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Tamil women marginalised in Sri Lanka’s transitional justice process - ICG

File photograph: Mothers of the disappeared in Kilinochchi earlier this year

The Sri Lankan government has marginalised Tamil women in shaping transitional justice policies and has failed to deliver on promises to the UN Human Rights Council, writes the International Crisis Group (ICG) in a report released earlier today.

Stating that “Tamil speaking women in the north and east have arguably been more affected by the conflict and its aftermath than any other group in Sri Lanka,” the ICG praised them for braving “a powerful military and an authoritarian government to press for truth and accountability”.

Yet despite their activism, which “helped bring transitional justice issues onto the domestic and international agenda”, these women have been marginalised said the ICG.

Listing a range of issues the report stated,

“The legacy of war continues to impose hardships, particularly on conflict-affected women: lack of information on missing relatives, displacement from their land, economic deprivation, psychological trauma, vulnerability to sexual violence and exploitation, plus a militarised environment that reinforces much of the above.”

It went on to conclude,

“Addressing the specific needs of conflict-affected women and involving them more fully in the design and implementation of transitional justice programs are essential steps, both for reducing the rising tension in the north and east and for restoring hope that the political transition promised in 2015 can still be realised.”

Read the full text of the report here.


Sri Lanka’s failure to deliver

The report criticised the Sri Lankan government for its failure to deliver on “bold promises… to the United Nations Human Rights Council in 2015”.

“The government is unwilling or unable to overcome the political and administrative obstacles that stymie progress on the reparations office, truth and reconciliation commission and special court,” it added.

“Faced with widely held Sinhala nationalist beliefs, which were strengthened by the military victory over the LTTE, the government has side-lined the UNHRC agenda, treating it principally as a way to win international approval and buy time for the economic reforms it deems more important.”

The ICG named Sri Lankan President Maithripala Sirisena in particular for failing to defend transitional justice policies. Mr Sirisena has repeatedly spoken out against an international accountability mechanism since he came into power in January 2015 and denied allegations of war crimes.

Sri Lankan President Sirisena at a speech earlier this month where he vowed to "protect war heroes".

“Rather than respond by defending transitional justice, President Sirisena has praised the military in increasingly strong terms, promising to protect its members from prosecution,” said the ICG.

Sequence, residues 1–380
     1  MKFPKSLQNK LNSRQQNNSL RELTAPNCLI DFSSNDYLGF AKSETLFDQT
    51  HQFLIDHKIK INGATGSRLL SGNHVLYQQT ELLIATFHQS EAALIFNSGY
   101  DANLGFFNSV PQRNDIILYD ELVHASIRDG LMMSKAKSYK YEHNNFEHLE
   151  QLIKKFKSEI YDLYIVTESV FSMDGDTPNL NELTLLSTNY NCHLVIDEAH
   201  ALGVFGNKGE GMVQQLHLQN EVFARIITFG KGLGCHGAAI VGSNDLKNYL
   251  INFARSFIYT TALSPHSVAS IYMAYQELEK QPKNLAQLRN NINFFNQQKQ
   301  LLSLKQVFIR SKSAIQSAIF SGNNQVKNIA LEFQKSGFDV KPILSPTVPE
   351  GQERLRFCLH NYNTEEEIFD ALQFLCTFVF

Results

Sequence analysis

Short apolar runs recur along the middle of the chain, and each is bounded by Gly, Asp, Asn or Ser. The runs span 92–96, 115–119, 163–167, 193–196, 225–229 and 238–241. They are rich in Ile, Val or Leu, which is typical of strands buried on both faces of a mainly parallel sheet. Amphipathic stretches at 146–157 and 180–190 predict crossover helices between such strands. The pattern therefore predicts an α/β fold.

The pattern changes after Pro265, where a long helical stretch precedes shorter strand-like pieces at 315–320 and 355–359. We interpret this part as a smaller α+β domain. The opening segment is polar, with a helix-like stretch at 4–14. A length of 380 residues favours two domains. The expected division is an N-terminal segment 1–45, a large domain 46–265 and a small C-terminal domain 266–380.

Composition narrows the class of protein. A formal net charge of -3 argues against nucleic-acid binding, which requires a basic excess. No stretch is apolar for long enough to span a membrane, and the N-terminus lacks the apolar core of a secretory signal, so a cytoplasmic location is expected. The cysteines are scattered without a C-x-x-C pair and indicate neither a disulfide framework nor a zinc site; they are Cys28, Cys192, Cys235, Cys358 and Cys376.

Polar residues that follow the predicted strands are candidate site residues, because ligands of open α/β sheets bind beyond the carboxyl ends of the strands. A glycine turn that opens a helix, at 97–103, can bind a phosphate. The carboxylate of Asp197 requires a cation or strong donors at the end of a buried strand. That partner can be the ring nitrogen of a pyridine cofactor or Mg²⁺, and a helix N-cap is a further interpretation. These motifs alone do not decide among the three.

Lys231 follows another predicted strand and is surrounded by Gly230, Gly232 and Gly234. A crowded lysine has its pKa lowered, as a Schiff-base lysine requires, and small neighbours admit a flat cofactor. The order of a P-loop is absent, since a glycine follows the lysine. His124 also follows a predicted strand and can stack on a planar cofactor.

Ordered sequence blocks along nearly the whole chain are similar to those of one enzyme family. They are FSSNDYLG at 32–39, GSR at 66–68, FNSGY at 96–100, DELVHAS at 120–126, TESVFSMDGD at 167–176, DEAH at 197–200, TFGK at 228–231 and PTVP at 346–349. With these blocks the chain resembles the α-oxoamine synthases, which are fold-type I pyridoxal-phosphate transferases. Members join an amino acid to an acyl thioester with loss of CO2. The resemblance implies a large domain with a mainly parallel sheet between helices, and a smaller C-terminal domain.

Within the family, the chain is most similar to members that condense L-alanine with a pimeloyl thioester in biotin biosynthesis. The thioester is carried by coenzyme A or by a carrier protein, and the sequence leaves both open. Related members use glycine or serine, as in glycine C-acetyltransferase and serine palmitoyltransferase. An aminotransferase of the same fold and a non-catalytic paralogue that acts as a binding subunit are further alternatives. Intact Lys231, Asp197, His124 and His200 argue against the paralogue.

His latest such statement came just weeks ago, where he said his government would protect Sri Lankan soldiers and the “freedom earned for the country” by the military, in a speech at Temple Trees.


Continuing insecurity – psychological, economical, physical

Noting that there are reports of some 90,000 widows in the North-East, not including wives of the disappeared, the ICG stated that insecurity remained rampant.

The repercussions of war are clearly visible in Tamil society in the north and the east: rates of alcoholism, drug use, suicide, domestic and societal violence have increased significantly over the past eight years,” said the report.

“All the women interviewed for this report were suffering from trauma,” it continued. “When they spoke in detail during Crisis Group interviews, women’s emotional pain was obvious and intense.”

Meanwhile, economic insecurity continued with limited job opportunities available. “Men and women suspected of having been LTTE cadres have the hardest time finding jobs; potential employers fear increased police and military scrutiny if they hire them,” said the report.

The report went on to state,

“One activist priest argues that keeping women in poverty is “one of the strategies used by the government to distract people from demanding justice. When I am hungry I am not going to ask about justice”.”

Military occupation of land, destruction and debt have also left many women with little. A report earlier this month a report by The Hindu examined how microfinance loans with soaring interest rates have left the community in Batticaloa trapped in a cycle of debt. Women in particular have been targeted by microfinance companies – and subsequently face notoriously aggressive recovery agents hounding them for repayments.